The Pointless Pseudoscience Of Young People And Screen Time
Social science is a weird one. It gives you so many good headlines, but not that much substance.
The most recent big topic seems to be people being glued to their screens, and the damage it seems to be having. As a bit of a screen-based nerd myself (to say the least), this definitely caught my attention, and gave me a convenient opportunity to talk about this strange side of science.
It strikes me as familiar to the explosion in number of studies into smoking, back in the 60s. For every study looking at the damaging properties of cigarettes, there was another piece of research showing the positives of this addiction (usually paid for by tobacco companies/lobbyists themselves).
Now, I’m not saying these studies are being funded by tech/video game companies at all, but when you look that one step beyond the findings of each study, you start to see what I will name “micro-biases.”
Let’s take Andrew K. Przybylski, Professor and experimental psychologist at the University of Oxford. He wrote the original study that inspired this blog, and he has done some amazing work in this area that I recommend you read if you haven’t heard of him before.
Well, you will also see studies about the “motivating role of violence in video games,” and how “mobile phone communication helps to improve face-to-face communication.” Sometimes in studies, people write for the conclusions they want, and while I 100% agree with every point Andrew makes in his work, in social science like this, it very much comes down to opinion.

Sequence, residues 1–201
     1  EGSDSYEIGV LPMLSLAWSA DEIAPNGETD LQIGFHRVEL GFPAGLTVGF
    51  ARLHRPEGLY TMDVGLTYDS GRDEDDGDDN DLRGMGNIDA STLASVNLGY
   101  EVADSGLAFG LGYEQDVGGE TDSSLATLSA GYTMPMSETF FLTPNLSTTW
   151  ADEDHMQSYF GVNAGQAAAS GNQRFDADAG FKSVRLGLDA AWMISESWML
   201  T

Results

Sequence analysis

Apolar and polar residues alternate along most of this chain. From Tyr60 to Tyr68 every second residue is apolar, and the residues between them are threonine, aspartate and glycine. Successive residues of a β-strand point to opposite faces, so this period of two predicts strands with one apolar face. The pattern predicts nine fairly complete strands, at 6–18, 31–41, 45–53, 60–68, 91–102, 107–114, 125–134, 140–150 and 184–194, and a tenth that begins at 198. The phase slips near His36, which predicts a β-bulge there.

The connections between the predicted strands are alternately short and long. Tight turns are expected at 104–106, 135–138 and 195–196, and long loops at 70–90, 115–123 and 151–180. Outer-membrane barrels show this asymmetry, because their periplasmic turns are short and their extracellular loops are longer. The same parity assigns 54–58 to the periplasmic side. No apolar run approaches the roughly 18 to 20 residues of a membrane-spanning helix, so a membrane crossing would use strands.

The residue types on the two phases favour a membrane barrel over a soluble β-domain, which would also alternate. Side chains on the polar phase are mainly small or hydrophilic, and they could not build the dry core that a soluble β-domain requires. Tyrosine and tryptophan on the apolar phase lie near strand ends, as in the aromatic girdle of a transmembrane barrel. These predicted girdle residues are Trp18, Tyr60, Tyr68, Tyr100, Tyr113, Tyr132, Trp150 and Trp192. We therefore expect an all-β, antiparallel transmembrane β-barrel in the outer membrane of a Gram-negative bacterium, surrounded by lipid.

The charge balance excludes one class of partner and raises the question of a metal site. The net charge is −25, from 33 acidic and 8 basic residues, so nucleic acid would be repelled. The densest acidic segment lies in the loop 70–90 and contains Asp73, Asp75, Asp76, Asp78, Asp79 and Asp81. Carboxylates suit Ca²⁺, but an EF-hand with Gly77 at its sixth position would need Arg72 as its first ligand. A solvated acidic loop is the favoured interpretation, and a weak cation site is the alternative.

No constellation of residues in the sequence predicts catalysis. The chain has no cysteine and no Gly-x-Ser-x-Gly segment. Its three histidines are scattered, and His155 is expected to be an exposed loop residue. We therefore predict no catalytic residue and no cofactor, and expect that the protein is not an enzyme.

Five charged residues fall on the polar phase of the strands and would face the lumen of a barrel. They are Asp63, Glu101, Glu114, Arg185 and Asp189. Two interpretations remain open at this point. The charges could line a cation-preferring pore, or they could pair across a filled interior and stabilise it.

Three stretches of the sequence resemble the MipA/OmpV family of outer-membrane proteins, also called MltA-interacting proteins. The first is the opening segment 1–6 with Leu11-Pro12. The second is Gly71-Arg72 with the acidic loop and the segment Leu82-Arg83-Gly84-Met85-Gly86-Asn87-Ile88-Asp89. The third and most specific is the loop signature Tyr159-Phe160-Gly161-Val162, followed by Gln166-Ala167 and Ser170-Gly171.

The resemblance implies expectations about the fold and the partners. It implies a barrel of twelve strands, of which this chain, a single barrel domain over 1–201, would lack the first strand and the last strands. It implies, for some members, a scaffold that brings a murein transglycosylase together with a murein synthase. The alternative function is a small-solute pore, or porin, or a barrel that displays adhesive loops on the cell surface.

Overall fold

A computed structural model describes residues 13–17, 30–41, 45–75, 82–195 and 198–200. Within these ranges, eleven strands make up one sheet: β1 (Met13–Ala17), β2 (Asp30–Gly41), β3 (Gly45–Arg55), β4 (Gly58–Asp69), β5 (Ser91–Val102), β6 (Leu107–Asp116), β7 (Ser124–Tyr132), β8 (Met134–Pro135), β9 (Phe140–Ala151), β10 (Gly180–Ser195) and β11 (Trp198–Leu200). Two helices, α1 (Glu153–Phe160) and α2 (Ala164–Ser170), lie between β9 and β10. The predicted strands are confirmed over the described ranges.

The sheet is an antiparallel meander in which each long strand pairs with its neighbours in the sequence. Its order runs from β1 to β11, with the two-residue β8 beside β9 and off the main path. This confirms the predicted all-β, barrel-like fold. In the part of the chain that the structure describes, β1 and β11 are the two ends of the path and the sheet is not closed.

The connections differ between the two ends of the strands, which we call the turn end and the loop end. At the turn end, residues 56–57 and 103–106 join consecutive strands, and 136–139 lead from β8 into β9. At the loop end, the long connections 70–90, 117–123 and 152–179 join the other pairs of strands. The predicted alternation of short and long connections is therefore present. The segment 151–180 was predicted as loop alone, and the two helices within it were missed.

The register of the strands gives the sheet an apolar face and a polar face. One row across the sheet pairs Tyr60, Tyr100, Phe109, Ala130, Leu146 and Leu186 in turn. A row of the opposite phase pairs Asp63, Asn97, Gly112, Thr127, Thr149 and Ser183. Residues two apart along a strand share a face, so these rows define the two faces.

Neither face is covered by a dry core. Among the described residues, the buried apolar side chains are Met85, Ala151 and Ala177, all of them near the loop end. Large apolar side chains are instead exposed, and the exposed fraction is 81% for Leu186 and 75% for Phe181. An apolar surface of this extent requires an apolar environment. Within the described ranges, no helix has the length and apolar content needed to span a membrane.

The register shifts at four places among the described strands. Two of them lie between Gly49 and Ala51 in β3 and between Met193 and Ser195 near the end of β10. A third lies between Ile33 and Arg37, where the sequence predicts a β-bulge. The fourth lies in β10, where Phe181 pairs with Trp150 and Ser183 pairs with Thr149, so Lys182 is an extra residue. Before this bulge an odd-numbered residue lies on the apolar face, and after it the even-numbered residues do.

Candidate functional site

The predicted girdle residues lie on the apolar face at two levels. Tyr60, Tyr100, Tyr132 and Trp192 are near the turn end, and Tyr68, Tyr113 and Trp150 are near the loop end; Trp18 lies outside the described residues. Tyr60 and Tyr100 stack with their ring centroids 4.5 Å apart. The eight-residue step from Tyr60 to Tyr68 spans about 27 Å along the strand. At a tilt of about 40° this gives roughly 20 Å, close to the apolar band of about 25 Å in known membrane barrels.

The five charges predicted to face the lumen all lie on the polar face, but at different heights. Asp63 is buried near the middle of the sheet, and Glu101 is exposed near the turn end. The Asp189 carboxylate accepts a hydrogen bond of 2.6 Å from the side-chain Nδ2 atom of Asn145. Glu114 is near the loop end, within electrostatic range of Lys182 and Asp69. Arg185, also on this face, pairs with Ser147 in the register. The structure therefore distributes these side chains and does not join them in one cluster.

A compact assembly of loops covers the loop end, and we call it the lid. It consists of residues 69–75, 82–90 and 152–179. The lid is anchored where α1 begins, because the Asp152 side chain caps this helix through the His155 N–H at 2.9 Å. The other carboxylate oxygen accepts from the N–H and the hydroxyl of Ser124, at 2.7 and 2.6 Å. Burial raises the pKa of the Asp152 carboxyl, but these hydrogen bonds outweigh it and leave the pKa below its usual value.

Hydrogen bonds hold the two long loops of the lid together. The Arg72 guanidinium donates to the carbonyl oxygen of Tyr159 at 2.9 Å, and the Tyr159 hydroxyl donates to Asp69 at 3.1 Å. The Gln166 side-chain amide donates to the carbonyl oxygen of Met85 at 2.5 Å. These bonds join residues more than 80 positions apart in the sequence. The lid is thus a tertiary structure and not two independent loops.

So, what on Earth am I trying to say here? This piece has waded into some muddy territory and, much like the mud-filled swamps of Red Dead Redemption 2, I feel fear of having my face ripped off by an Alligator in the form of the comments section down below (strange metaphor, but you get it…hopefully).
The conclusion is a simple request from me to every reader who has ever looked at a sensationalised headline, touting some stat cherry picked from a study to supposedly prove their own hypothesis. Take it with a pinch of salt, and use your common sense.
When it comes to social/psychological science like this, it’s impossible to be 100% accurate, no matter how much the incredibly talented people who run these studies can try to keep things unbiased.
In the situation of young people and screen time, Andrew and Amy are absolutely right in their results that teens are not damaged by using devices for long periods of time. Alternatively, Jean and William are also correct in their findings, showing that emotional stability can be affected by excessive screen time.
The micro-biases shown in each study is subtly apparent when you look at the context that surrounds this research, but there is a middle ground. In the case of young people and screen time, well that one is simple - use screens, but go outside every once in a while.
Let’s be thankful for one thing, though… At least nobody is claiming screens make your eyes go square anymore.